Charedim and the IDF

Regarding Reba Auslander’s “Why are you here? Visiting Israel in an unprecedented time” (May 10), I give Ms. Auslander a lot of credit for coming to Israel to help during a difficult war, and for writing a good and honest summary of what she saw, experienced, and learned during her two weeks here in Israel.

There is one point, however, that I would like to clarify: She writes, correctly, that most ultra-Orthodox men do not serve in the Israel Defense Forces and many (not all, as she indicates) receive state subsidies to study in yeshivot full time and help support their typically large families. I agree that this is an unfair and untenable situation that must change. But readers should be aware that a few hundred ultra-Orthodox men did voluntarily join the army in the early days of this war, and countless others (male and female) have stepped up to volunteer in a wide variety of capacities. Change is on the horizon; it’s just slow and difficult.

Furthermore, it’s important to understand that in contrast to ultra-Orthodox (charedi) Israelis, religious Zionist (dati leumi) Israelis are vastly overrepresented in the IDF and especially in its officer ranks. Tragically, dati leumi Israelis are also vastly overrepresented among the fallen during this Gaza war, by one credible estimate comprising nearly half of combat casualties despite making up just 12% of the general population.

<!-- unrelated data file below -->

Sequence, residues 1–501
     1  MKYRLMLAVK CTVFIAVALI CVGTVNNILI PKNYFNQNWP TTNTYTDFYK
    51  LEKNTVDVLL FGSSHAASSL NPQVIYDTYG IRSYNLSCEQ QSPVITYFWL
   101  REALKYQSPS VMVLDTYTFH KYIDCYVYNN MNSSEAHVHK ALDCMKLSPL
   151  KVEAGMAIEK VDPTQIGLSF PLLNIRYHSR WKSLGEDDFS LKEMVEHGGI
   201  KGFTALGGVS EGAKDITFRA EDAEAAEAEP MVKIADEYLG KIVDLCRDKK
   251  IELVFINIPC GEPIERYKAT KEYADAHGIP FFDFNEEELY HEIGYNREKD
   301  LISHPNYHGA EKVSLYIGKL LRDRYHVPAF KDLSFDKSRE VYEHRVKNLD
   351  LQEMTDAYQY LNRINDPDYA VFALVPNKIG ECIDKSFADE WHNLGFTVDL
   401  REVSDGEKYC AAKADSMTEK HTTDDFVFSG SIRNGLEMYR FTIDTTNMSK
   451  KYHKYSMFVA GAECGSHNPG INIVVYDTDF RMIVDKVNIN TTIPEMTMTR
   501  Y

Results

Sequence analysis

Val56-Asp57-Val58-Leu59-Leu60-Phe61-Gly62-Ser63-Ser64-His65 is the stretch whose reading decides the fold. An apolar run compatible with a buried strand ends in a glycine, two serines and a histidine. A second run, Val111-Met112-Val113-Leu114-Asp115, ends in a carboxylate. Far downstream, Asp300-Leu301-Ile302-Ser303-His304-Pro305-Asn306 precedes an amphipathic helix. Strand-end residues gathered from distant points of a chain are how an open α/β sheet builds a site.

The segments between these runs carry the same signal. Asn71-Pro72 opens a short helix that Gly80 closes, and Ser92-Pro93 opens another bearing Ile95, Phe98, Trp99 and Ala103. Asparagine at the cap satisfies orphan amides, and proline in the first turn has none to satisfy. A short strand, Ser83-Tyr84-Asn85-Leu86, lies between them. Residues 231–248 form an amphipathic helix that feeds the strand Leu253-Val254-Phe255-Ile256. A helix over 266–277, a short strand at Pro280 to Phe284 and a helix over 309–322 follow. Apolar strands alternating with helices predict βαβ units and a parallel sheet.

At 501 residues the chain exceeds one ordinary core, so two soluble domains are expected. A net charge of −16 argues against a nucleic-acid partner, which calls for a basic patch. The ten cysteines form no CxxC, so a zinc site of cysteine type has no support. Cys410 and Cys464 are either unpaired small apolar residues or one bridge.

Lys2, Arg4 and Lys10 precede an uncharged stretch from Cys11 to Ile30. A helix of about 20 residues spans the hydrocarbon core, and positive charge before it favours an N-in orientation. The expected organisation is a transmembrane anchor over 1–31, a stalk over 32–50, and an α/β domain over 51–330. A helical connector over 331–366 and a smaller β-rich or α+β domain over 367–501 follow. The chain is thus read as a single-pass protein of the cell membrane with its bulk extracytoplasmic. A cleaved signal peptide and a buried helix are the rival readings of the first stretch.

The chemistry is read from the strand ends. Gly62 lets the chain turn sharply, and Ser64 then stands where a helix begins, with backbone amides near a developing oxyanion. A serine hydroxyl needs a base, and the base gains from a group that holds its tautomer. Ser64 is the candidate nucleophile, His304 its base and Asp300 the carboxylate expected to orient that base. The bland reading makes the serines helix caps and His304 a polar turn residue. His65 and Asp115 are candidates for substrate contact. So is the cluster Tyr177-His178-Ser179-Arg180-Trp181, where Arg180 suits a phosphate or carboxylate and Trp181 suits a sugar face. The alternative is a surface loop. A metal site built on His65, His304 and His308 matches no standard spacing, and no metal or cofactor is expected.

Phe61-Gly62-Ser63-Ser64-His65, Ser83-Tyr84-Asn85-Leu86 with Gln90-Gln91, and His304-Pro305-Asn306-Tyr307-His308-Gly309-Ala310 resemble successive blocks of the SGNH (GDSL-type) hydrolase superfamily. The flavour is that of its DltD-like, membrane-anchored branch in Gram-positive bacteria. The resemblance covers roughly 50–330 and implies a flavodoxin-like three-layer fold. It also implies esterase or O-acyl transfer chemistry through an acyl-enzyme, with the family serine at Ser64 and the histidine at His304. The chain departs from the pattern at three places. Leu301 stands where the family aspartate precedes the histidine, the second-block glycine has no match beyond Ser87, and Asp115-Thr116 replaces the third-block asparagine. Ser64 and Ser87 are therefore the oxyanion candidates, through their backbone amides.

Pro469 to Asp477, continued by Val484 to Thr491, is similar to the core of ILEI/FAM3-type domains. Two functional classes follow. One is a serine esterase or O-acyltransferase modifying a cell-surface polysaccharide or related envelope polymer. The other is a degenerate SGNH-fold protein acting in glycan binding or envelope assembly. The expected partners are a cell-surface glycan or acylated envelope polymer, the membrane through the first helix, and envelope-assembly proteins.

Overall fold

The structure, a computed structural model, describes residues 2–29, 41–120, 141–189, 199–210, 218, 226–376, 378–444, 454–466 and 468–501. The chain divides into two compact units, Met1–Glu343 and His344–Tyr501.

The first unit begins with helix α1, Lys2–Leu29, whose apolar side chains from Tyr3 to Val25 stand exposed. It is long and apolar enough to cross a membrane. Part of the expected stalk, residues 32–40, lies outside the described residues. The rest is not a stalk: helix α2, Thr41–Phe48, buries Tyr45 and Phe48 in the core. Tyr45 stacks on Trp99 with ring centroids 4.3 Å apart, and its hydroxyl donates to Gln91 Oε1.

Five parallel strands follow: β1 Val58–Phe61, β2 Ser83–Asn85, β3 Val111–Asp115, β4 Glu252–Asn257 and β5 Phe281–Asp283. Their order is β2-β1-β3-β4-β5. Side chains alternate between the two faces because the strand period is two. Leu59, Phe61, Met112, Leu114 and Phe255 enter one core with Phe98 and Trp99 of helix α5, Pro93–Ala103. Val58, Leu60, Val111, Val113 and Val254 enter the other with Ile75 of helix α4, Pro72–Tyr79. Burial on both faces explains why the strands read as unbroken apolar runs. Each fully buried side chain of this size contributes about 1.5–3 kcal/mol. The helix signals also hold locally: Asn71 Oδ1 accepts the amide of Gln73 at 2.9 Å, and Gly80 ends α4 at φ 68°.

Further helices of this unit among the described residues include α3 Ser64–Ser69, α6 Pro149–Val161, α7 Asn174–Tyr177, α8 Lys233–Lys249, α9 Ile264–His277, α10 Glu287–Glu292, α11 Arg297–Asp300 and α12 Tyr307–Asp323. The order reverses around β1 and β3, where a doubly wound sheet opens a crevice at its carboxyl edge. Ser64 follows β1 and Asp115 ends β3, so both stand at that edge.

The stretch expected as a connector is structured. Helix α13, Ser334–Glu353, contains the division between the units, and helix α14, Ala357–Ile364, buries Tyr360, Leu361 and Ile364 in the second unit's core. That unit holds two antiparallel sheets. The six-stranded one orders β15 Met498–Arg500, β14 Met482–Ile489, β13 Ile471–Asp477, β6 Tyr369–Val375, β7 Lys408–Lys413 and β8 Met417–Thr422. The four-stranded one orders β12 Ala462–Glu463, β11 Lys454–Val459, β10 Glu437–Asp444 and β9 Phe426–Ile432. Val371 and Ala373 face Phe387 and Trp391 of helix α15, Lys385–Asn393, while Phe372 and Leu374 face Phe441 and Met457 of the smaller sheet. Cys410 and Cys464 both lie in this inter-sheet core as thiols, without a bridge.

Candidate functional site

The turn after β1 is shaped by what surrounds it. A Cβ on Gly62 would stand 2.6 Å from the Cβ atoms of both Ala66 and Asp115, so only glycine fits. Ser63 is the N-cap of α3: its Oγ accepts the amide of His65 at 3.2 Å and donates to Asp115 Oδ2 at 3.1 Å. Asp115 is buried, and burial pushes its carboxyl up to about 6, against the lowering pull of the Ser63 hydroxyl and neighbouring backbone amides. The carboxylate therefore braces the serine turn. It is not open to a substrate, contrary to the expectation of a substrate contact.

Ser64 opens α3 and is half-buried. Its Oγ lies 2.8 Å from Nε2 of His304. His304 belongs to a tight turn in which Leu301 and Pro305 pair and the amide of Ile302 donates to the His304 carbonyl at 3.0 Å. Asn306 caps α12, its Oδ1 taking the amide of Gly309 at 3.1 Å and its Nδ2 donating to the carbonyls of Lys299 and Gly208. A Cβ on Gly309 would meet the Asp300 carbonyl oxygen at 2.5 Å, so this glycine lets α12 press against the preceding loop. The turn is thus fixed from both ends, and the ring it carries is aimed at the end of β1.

Abby Leichman
Ma’ale Adumim, Israel

Hitting straight from the heart

“The day I was almost lynched” by Rabbi Boteach (May 10) was a refreshing call to wake up, stop talking, texting, and posting, and show up to be counted. Notice how the whole article did not mention any political luminaries. He hit us straight from his heart and his own recent personal experience. We need this every week. The situation demands an experienced leader who can provide solid advice which will lead us to a better result.

Stanley Osur 

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